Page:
Bromelain has been used in the treatment of upper respiratory disorders such as bronchitis and sinusitis and to reduce the symptoms of asthma.
Bromelain limited myocardial injury in ischaemia-reperfusion experiments, aiding the function and recovery of the heart. It also increased blood flow to the heart and reduced damage.
Bromelain is being tested for use in the treatment of osteoarthritis and rheumatoid arthritis as well as inflammatory connective tissue disorders such as scleroderma, bursitis and tendonitis. It has been shown to be effective in promoting healing after acute musculoskeletal injury and sports injuries.
Being a proteolytic enzyme, bromelain has many roles in digestion, particularly as people age. The more cooked and processed food we eat, the more digestive enzymes we use up. Supplementing with enzymes such as bromelain can therefore help promote healthier digestion, especially in older people. Bromelain encourages the growth of probiotics such as bifidobacteria and lactobacillus, at least in test tubes that showed pineapple juice as a good medium for probiotic development. It has also been shown to reduce the symptoms of inflammatory bowel disease.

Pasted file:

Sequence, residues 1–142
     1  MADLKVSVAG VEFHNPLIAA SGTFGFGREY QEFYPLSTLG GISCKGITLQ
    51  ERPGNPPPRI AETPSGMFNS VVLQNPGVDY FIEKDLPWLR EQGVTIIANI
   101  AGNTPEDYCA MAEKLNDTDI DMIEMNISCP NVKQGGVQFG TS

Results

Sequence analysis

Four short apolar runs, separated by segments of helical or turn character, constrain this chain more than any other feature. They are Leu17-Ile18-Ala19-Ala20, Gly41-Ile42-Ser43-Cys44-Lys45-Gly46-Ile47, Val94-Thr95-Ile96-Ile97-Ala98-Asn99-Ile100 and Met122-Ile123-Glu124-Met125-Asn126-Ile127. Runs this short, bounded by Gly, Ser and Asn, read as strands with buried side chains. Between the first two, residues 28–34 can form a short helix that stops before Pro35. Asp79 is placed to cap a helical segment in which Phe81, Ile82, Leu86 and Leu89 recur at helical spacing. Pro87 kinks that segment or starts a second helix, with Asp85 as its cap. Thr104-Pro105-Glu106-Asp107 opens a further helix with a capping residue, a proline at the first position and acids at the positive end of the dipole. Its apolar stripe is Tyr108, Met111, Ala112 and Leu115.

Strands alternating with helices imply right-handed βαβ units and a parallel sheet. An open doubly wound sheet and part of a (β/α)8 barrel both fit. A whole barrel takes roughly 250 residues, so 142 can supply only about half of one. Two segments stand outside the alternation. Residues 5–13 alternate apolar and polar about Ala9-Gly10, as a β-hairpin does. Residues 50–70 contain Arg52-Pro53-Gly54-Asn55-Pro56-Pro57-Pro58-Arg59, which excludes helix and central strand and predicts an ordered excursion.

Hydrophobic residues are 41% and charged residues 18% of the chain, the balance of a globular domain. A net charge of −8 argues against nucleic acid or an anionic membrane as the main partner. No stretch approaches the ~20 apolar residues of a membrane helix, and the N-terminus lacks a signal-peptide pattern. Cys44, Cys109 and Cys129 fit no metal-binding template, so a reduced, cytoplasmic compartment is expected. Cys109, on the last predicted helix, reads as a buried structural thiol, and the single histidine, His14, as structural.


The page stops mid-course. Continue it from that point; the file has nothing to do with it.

Post-surgical recovery and wound healing
Bromelain has shown positive results in speeding up the process of wound healing and recovery after surgery. There was some concern about its platelet inhibition activity (thinning the blood) but this has not been a problem. The administration of bromelain pre-surgery can reduce the average number of days for the complete disappearance of pain and inflammation post-surgery. It reduces post-operative swelling and oedema. It has also been shown to reduce the swelling, bruising and pain in women having episiotomies.
Bromelain applied topically as a cream is beneficial in the elimination of necrotic (dead) tissue and accelerates wound healing.
With bromelain’s properties of pain relief and wound healing, it was applied after a dental procedure — gingival crafting. This research was conducted in 26 patients for 10 days. The results showed that 500 mg/day of bromelain orally was effective in pain reduction and speeding wound healing. It was also shown not to increase postoperative bleeding.
An unexpected bonus
Pineapple (and bromelain) has been shown to have very low toxicity, and in human trials no side effects or adverse events have ever been observed.
Just as an added benefit, eating pineapple regularly apparently makes the personal body secretions smell (and apparently taste) sweeter.
Why avocados are good for your health
Avocadoes are not only delicious but also a source of healing fats and nutrients.
Do you love avocado? Dr Karen Bridgman shares the health benefits of the fruit
Who doesn't love smashed avocado atop their toast on the weekend? Avocadoes are not only delicious but also a source...
We take a look at Cardamom, "the queen of spices" and its health benefits
Known as the “queen of spices”, the active ingredients in cardamom exhibit a variety of metabolic activities including reducing spasms...